Kanban Methodology Advantages and Disadvantages

Learn about the Kanaban Methodology which is a popular framework for agile software development. This mind map summarizes its advantages and disadvantages, lean management in general and how a Kanaban board works.

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Kanban Methodology Advantages and Disadvantages by Mind Map: Kanban Methodology Advantages and Disadvantages

1. Agile Scrum

1.1. Is an alternative agile framework. It can be used instead or combined with Kanban.

1.1.1. Illustration Mindmap of Agile Scrum

2. Kanban Board

2.1. A visualization of a team’s workflows.

2.1.1. Consitsts of columns, which represent different workflow stages. Cards represent tasks. During the process, the cards move through the various stages.

2.2. An example of a Kanban board software tool by MeisterTask

2.3. Example

3. Kanban vs. Scrum

3.1. Cadence

3.1.1. Continuous flow

3.1.2. Regular fixed length sprints

3.2. Release methodology

3.2.1. Continuous delivery or at the team's discretion

3.2.2. At the end of each sprint if approved by the product owner

3.3. Roles

3.3.1. No existing roles. Some teams enlist the help of an agile coach.

3.3.2. Product owner, scrum master, development team

3.4. Key metrics

3.4.1. Cycle time

3.4.2. Velocity

3.5. Change philosophy

3.5.1. Change can happen at any time

3.5.2. Teams should strive to not make changes to the sprint forecast during the sprint. Doing so compromises learnings around estimation.

4. Lean Management

4.1. Seeks to eliminate any waste of time, effort or money by identifying each step in a business process and then revising or cutting out steps that do not create value.

4.2. Guiding principles for lean management

4.2.1. Defining value from the standpoint of the end customer.

4.2.2. Identifying each step in a business process and eliminating those steps that do not create value.

4.2.3. Making the value-creating steps occur in tight sequence.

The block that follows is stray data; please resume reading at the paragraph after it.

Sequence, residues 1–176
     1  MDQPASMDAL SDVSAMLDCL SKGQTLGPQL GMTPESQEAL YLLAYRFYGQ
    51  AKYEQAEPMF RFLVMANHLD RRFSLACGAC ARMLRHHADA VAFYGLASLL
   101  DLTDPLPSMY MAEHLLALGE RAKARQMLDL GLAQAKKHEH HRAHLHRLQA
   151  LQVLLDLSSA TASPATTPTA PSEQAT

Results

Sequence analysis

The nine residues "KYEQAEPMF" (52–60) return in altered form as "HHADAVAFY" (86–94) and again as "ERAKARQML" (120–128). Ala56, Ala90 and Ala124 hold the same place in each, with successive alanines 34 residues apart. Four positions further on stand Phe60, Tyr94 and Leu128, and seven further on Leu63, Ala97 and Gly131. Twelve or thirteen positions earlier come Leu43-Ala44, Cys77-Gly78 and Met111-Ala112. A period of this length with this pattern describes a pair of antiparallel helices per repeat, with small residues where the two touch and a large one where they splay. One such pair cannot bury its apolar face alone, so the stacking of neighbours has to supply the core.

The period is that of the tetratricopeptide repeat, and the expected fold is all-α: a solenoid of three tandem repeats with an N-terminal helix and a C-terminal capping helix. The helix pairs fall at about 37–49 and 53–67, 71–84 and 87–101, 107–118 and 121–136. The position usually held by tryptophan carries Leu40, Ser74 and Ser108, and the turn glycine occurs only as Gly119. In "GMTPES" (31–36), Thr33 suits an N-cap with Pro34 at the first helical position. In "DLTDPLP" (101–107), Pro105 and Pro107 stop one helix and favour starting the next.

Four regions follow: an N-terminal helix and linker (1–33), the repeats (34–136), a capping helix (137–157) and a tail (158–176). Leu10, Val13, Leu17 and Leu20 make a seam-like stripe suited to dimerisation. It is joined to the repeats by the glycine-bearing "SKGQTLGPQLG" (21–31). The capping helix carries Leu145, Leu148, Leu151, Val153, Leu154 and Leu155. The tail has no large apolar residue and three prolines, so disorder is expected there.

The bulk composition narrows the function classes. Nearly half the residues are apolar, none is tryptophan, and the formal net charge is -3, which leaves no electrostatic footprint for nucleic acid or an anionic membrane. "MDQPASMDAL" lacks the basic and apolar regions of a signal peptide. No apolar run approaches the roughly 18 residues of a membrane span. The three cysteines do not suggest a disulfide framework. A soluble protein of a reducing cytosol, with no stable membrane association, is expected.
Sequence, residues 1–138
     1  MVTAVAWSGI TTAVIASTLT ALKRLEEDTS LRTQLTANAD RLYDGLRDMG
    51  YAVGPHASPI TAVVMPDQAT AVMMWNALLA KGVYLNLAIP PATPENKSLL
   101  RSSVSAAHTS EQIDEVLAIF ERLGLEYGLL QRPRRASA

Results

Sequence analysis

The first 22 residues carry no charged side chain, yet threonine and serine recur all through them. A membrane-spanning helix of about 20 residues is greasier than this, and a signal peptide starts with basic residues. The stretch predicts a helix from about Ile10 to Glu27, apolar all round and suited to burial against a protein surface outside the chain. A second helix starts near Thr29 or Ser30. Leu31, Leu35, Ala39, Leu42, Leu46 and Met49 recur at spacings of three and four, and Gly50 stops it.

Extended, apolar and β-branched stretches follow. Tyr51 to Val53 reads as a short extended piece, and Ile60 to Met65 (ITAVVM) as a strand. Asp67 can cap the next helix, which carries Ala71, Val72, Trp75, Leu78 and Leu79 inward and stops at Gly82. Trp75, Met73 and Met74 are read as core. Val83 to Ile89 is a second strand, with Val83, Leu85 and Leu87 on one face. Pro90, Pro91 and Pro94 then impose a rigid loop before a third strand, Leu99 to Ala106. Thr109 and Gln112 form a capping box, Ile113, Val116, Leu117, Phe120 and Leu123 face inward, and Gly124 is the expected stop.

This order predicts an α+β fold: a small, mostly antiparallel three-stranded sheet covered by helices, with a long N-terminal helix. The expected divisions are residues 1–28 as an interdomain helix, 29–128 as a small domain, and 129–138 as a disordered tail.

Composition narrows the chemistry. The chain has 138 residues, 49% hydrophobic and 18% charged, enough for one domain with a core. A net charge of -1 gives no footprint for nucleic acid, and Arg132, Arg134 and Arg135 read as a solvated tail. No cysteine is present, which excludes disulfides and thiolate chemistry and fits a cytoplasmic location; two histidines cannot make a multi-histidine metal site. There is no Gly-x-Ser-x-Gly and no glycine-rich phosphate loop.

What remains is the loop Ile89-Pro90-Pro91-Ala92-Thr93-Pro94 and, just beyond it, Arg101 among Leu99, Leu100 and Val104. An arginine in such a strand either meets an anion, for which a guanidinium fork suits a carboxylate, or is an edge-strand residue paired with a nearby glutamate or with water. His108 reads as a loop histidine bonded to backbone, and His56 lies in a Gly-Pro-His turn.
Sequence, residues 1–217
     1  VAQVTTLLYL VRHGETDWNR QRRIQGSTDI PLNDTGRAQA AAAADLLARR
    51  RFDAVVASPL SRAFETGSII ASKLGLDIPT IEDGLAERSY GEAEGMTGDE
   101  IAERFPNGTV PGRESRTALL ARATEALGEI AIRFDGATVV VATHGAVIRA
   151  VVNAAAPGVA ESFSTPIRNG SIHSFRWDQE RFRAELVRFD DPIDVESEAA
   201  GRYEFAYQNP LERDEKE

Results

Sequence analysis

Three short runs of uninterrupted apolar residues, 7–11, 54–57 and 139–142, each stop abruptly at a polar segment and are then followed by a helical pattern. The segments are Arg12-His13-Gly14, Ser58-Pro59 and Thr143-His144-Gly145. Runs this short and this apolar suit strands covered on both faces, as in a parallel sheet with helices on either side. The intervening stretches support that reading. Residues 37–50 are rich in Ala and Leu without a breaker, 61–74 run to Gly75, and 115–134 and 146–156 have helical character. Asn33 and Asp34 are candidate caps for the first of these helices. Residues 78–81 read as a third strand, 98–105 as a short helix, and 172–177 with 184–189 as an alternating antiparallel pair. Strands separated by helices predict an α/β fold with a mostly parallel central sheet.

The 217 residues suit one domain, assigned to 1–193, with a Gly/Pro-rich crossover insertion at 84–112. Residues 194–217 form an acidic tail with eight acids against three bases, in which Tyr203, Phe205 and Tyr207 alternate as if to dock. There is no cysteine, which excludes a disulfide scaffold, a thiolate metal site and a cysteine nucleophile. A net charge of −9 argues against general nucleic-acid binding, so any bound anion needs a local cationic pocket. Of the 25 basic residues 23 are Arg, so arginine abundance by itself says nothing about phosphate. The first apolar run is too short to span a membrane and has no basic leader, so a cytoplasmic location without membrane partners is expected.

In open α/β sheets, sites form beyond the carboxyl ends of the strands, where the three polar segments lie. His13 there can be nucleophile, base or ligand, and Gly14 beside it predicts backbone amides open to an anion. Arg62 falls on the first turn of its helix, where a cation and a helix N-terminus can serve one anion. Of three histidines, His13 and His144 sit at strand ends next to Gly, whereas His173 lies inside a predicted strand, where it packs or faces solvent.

4.2.4. Repeating the first three steps on a continuous basis until all waste has been eliminated.

4.3. The 5 Basic Lean Principles (create a stable workflow based on actual customer’s demand)

4.3.1. Identify Value

4.3.2. Value Stream Mapping

4.3.3. Create Continuous Workflow

4.3.4. Create a Pull System

4.3.5. Continuous Improvement

4.4. Benefits of Lean Management

4.4.1. Focus By applying Lean, you will be able to reduce waste activities. Therefore, your work force will be focused on activities that bring value.

4.4.2. Improving productivity & efficiency When employees are focused on delivering value, they will be more productive and efficient, because they won’t be distracted by unclear tasks.

4.4.3. Smarter process (pull system) By establishing a pull system, you will able to deliver work only if there is actual demand. Which leads to the next one.

4.4.4. Better use of resources When your production is based on actual demand, you will be able to use only as many resources as needed.

5. Kanban Definition

5.1. Kanban is a popular framework used to implement agile software development. It requires real-time communication of capacity and full transparency of work.

5.2. The etymology of the word "kanban"

5.2.1. Kanban is Japanese for “visual signal” or “card.” Toyota line-workers used a kanban (i.e., an actual card) to signal steps in their manufacturing process. The system’s highly visual nature allowed teams to communicate more easily on what work needed to be done and when.

6. Kanban Software

6.1. Helps teams visualize work and workflows.

6.2. Common Features of Kanban Software

6.2.1. Kanban boards

6.2.2. Work-in-progress (WIP) limits

6.2.3. Cumulative flow diagrams (CFDs)

6.2.4. Lead and cycle time diagrams

6.3. Examples

6.3.1. MeisterTask

6.3.2. Project Insight

6.3.3. Smartsheet

6.3.4. Workfront

6.3.5. Wrike

6.3.6. Sitetracker

6.3.7. Targetprocess

6.3.8. SmartCore

6.3.9. Ravetree

6.3.10. Trello

6.3.11. Asana

6.3.12. JIRA

6.3.13. monday.com

6.3.14. Hubstaff

6.3.15. GitLab

6.3.16. CaseCamp

6.3.17. Zenkit

7. How Kanban Works

7.1. Visualize Work

7.1.1. Communication and collaboration increases

7.2. Limit Work in Process

7.2.1. Unnecessary working time is reduced

7.3. Focus on Flow

7.3.1. Flow of work improves

7.4. Continuous Improvement

7.4.1. The team’s effectiveness improves